I think that sounds pretty happy. Now try this scale. I learned it as the "Gypsy scale". It may have an official musical name, some of the teachers here could tell you that. But again, play a G chord and then play this scale. Listen to the difference.


G Gypsy scale
e--------------------------
b--------------------------
g--------------------------
d--------------------4—5--- F# G
a--------2--3--5--6-------- B C D Eb
e--3--4-------------------- G Ab

Now, that sounds good too, doesn't it? But it sounds very different from the Major scale. I think it has an Eastern or Oriental sound to it.

And that is the basic idea of scales. You play particular scales over chords to create a particular mood or sound. As you can see, the scale you select can greatly affect the mood of a piece.

Now, I showed you both of these scales in order, starting from the Root note G, going up one octave to the next higher G. And you can play scales in order like this. But you can also mix up the order any way you wish.

If you know something better than Rock and Roll, I'd like to hear it - Jerry Lee Lewis


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(@abcxyz)
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Joined: 14 years ago
Posts: 2764
03/07/2008 9:29 pm  

Nicely explained, Wes.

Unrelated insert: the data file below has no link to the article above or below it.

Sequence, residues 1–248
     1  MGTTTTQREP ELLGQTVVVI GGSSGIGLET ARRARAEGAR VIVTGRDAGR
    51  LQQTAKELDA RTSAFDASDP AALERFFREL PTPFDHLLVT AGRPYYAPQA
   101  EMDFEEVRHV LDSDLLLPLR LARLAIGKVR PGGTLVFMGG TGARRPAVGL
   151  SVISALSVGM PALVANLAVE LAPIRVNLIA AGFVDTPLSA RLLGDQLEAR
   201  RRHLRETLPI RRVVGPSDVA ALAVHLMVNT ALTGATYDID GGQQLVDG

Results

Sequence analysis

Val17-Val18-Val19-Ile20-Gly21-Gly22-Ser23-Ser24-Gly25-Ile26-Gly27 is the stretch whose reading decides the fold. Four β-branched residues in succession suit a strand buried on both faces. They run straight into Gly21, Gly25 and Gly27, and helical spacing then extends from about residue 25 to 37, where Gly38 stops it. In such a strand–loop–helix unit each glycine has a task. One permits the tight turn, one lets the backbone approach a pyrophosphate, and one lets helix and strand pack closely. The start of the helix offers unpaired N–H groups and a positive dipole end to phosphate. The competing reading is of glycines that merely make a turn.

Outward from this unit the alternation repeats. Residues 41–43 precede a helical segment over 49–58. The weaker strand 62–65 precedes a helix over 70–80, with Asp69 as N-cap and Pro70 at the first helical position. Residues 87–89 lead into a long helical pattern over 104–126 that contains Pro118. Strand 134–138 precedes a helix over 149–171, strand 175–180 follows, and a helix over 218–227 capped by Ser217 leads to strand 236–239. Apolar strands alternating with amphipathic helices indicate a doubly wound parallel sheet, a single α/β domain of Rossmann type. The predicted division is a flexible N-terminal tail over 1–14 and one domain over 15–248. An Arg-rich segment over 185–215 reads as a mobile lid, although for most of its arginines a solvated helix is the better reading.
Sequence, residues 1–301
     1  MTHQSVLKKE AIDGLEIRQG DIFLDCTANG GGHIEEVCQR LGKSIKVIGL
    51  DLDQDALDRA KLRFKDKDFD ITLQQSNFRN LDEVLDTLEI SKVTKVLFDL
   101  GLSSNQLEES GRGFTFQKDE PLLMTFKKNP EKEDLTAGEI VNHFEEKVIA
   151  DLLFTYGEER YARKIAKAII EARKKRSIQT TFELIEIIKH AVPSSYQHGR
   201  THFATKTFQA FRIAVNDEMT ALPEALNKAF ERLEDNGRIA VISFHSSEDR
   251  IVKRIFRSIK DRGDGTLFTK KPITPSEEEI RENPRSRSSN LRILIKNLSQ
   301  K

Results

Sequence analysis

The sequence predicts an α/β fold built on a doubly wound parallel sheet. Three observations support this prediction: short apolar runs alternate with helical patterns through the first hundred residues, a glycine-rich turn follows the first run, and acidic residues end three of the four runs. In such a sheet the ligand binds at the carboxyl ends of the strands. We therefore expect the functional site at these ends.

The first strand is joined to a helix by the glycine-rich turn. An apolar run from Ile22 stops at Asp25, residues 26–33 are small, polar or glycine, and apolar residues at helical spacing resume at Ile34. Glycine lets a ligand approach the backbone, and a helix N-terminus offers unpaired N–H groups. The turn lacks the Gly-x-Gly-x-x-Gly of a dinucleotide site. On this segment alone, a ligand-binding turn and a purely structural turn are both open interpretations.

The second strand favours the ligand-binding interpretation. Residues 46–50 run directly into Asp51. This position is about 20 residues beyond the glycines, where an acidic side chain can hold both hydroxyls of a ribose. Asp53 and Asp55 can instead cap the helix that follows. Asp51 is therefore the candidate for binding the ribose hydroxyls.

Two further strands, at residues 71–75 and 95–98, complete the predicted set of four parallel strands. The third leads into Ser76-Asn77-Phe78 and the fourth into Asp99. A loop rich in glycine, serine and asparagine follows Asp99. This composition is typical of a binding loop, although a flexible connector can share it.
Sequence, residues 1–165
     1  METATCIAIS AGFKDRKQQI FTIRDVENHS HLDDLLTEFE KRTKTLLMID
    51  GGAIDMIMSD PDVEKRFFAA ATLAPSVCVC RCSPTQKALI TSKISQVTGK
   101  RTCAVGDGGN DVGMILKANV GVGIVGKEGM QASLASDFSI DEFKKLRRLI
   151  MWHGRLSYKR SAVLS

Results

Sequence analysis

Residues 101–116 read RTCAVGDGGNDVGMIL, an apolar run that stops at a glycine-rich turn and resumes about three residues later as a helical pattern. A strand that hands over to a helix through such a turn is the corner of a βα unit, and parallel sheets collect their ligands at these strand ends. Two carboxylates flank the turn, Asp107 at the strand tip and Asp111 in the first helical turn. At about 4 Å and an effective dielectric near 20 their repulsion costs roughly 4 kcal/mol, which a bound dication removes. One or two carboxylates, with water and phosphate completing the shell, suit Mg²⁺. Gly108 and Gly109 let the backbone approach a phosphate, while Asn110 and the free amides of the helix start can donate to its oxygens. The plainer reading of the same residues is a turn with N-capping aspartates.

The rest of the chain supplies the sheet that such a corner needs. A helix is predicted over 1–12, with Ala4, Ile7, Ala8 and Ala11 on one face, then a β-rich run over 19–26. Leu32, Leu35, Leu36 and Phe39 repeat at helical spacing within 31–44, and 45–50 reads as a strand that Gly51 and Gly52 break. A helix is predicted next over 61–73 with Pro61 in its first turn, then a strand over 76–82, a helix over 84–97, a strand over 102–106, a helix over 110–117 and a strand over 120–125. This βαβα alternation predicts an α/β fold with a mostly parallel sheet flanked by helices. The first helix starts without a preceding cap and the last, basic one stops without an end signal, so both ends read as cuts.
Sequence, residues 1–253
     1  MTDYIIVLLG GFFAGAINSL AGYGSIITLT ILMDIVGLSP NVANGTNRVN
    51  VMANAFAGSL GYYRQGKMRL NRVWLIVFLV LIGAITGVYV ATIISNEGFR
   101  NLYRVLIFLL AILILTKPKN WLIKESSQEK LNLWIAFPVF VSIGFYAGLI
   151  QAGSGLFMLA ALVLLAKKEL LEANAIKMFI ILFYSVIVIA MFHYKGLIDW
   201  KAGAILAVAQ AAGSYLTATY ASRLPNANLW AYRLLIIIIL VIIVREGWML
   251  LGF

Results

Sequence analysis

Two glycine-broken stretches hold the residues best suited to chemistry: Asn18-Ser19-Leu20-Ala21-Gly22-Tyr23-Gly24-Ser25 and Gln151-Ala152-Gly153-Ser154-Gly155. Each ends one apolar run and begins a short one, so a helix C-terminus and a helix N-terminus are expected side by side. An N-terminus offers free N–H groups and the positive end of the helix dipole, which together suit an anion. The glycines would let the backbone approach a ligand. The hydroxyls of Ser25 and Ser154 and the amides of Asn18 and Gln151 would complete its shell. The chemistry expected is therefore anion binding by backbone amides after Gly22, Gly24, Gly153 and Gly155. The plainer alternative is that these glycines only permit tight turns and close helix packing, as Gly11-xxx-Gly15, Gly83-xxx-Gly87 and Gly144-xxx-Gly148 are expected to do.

Liked that scale. It does have a cool sound.


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(@wes-inman)
Illustrious Member
Joined: 17 years ago
Posts: 5599
03/07/2008 10:32 pm  

Here is a great example of the Gypsy scale, Come Out and Play (Keep Em Seperated) by the Offspring. This scale is used for the cool little clean guitar riff played several times in the song (first time at 0:25 into the song). This scale is used for this riff only, the rest of the song is played in other scales. So you can use more than one scale in a song.

http://www.youtube.com/watch?v=8zjnMzqoFZo

Just move that scale up to B and you can play this riff along with the video. :D

If you know something better than Rock and Roll, I'd like to hear it - Jerry Lee Lewis


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(@misanthrope)
Noble Member
Joined: 14 years ago
Posts: 2268
03/07/2008 10:40 pm  

My favourite rock-out tune, Wes ;) (today at least, it battles constantly with Aerosmith's Eat the Rich)

ChordsAndScales.co.uk - Guitar Chord/Scale Finder/Viewer


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(@theredd)